The benefits of business aviation

Business aviation sometimes comes under attack in the press… and rightly so, if it is being used as an excuse for a jolly at the companys (and shareholders) expense.

However, there are benefits to business aviation; provided it is used correctly it can actually save a company money.

Business Jet

If executives charter a jet using their own funds that is a different matter – indeed the market for private leisure aviation is an interesting one, but not the focus of this blog.

I have been a qualified private pilot for eleven years now, and at one point was actually training towards my commercial pilot’s licence, with the intention of flying business jets in the quiet months of the tax year.

When looking at business aviation there are a few things to consider:

1) The aircraft
There are many different types of aircraft available, and each will have its own benefits. They could range from helicopters, four seat light aircraft, to larger single and twin cabin aircraft up to business jets and even full size airliners.
Each will have its own set of positives and negatives, and it is important to choose the correct aircraft for the job – you wouldn’t hire a Ferrari to go to the mail-box, or a horse to take you to a meeting (although I do actually know someone who takes their horse to the mail-box!) and it is just the same when it comes to aircraft, the right tool for the right job.

2) The location
Where you are going from and to are important, as well as transportation links at the locations.
Traffic and ease of access are important at both ends; it’s no use saving some time at the airport if it takes you an extra hour to get there. What is important are door to door times.
Where business aircraft really come into their own is if your locations are not served by major airports and airlines, then you can really save time.

3) The costs
This is the most important thing to consider – the use of business aircraft has to justify the benefits, and if used correctly they can.
When you charter an aircraft you are chartering the whole aircraft, so if there are only two people flying in a 10 seat aircraft then the costs per person are much more and need to be accounted for. If you can fill all the seats, you may even find the cost per seat can be less than an airline, and you have added flexibility as well.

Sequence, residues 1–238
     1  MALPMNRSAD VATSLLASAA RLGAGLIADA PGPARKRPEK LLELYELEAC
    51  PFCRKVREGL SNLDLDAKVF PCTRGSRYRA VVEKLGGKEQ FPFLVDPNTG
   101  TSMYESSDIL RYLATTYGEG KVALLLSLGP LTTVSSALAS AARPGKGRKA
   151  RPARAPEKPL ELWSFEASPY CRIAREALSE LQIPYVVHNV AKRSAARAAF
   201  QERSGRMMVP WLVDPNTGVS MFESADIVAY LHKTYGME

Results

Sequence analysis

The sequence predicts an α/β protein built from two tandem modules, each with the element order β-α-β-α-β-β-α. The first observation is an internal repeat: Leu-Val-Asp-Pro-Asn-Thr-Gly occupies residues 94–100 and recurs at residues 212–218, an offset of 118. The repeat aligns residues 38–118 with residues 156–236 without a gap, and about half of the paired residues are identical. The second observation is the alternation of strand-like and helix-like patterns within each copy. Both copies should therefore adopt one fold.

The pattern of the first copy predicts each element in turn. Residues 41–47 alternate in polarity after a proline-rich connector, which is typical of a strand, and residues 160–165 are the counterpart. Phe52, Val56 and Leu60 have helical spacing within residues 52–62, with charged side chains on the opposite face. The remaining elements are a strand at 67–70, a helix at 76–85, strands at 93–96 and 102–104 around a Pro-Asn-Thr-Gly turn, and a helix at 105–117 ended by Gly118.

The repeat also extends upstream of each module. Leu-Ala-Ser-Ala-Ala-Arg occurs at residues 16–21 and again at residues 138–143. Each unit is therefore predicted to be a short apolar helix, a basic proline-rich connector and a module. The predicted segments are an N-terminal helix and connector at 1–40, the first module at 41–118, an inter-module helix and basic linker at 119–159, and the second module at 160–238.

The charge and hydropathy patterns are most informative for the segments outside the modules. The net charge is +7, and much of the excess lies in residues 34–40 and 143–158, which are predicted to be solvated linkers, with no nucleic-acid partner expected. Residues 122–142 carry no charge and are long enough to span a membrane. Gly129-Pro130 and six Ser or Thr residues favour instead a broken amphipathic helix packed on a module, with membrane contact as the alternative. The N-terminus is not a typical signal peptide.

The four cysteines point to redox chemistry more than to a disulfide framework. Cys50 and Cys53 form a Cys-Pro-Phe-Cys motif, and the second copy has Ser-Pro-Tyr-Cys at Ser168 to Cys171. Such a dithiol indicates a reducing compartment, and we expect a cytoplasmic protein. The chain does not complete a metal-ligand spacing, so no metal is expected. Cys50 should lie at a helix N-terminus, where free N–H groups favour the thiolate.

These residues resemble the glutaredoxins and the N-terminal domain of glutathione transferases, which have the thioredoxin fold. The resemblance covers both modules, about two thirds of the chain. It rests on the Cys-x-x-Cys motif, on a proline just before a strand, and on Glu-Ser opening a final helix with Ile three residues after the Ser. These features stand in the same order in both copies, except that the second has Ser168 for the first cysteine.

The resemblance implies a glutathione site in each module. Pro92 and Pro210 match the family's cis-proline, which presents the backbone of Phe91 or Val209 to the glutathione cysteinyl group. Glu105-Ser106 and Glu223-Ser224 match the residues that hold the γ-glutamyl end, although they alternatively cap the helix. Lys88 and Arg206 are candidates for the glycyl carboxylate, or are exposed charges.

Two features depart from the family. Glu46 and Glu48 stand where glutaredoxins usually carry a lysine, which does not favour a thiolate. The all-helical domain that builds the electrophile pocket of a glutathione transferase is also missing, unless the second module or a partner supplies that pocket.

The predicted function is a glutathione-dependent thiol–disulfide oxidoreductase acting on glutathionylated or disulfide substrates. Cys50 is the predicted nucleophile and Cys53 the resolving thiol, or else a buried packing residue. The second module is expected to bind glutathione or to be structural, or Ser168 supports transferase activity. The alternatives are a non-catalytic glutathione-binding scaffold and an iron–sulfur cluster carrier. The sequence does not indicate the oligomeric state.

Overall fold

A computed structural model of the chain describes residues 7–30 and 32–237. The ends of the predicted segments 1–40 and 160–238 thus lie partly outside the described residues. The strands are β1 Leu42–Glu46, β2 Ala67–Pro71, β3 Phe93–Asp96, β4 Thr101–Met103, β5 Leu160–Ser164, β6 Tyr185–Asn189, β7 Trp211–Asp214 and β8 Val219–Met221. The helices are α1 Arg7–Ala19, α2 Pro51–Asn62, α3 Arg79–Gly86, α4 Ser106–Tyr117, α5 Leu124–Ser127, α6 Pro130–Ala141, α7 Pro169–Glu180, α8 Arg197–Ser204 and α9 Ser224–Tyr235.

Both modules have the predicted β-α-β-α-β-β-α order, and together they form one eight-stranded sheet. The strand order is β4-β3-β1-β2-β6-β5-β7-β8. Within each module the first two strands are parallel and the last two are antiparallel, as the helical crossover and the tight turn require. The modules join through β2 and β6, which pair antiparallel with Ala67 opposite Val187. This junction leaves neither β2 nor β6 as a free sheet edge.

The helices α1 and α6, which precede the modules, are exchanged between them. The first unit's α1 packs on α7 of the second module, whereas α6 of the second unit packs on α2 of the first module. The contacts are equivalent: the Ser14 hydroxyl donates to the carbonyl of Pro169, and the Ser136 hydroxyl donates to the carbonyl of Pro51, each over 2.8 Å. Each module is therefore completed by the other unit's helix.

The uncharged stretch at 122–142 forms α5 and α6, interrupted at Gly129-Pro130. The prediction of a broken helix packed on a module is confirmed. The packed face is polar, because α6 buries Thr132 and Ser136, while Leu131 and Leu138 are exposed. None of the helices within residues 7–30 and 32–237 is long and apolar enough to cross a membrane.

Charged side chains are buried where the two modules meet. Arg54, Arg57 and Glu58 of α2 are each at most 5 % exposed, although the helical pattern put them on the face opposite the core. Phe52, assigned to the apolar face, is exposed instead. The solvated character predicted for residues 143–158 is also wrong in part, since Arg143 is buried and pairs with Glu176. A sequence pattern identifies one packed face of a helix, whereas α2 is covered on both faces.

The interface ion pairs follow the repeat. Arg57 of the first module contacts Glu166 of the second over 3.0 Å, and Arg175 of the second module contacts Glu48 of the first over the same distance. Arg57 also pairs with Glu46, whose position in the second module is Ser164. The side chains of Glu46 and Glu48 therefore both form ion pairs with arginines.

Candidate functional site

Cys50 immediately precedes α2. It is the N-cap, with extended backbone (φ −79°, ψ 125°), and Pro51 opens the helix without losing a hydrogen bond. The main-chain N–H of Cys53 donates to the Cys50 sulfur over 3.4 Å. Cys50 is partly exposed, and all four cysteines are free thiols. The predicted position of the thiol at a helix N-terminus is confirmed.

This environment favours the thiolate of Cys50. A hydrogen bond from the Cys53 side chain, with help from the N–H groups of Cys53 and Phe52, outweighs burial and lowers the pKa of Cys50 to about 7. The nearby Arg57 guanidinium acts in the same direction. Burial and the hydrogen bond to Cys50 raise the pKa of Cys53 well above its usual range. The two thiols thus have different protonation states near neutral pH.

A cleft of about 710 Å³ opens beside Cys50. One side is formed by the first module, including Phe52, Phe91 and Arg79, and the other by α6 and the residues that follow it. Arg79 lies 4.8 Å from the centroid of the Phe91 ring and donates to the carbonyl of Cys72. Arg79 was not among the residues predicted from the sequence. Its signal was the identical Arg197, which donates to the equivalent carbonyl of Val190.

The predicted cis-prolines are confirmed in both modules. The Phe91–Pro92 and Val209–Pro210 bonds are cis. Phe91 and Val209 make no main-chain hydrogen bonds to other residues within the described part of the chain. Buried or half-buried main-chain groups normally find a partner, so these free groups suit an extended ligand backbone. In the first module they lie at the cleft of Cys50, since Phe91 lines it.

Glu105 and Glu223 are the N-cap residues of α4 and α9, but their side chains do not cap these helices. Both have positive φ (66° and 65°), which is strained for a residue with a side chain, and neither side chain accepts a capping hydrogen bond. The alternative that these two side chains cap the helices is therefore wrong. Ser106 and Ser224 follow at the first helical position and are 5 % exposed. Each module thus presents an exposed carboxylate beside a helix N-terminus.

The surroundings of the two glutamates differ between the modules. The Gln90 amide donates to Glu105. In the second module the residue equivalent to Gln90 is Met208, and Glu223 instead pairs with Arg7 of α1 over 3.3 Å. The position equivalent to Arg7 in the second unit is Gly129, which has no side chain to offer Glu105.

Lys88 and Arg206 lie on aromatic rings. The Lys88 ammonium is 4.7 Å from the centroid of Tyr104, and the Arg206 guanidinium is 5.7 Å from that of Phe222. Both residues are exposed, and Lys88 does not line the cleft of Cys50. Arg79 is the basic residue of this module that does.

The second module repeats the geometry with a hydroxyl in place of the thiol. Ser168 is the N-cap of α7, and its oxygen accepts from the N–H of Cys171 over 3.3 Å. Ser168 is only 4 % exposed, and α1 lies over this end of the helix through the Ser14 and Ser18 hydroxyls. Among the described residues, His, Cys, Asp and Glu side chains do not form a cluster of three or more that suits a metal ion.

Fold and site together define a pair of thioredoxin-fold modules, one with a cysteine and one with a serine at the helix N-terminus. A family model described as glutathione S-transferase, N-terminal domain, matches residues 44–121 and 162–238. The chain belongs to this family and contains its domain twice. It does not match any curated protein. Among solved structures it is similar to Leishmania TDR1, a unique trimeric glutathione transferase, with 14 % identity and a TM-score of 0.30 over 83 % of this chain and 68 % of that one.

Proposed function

The correct choice of aircraft is important – I used to fly a four seat propeller aircraft that could actually beat the airlines on a London-Edinburgh run, that I will use as an example.

James McBrearty with SR20

GOSPY, a 2005 Cirrus SR20-G2 GTS, was an aircraft I flew from Blackbushe airport in Surrey.

This is a modern, glass cockpit, 4 seat aircraft with a cruising speed of 180mph which makes London – Edinburgh possible in about two hours or London – Le Touquet in about fifty minutes.

With a range of over 720 miles, non-stop flights are possible from London to most destinations in Europe.

The Cirrus has the same safety systems as the latest airliners (such as terrain, traffic and weather warnings) as well as a high performance autopilot, roll cage and airbags. Cirrus aircraft are unique in that they are currently the only factory manufactured light aircraft to be supplied with a BRS system installed as standard equipment – this is a large rocket powered parachute (17 metres diameter) that will bring the whole aircraft down safely in the unlikely event of an extreme emergency.

Overall costs per mile are considerably less than the old 1970’s Piper Archer 2 that I used to own a share in. If there are two people or more on board it is actually cheaper than flying with a major airline, and is usually quicker as you don’t waste time checking in or waiting for baggage.


It’s important to make any decisions from a business point of view – you need to weigh up the costs of the time of the people travelling by different methods and choose the best – in some cases it will be much better to travel by normal commercial airlines, whilst in others private business aviation comes out way ahead.

And in some cases, the plane may not be the correct vehicle – rather than trying to justify it by complex calculations sometimes you need to think outside the box. For example, from  London to Paris I would recommend the Eurostar train rather than flying – it takes you direct from central London straight to Gare du Nord in the heart of Paris.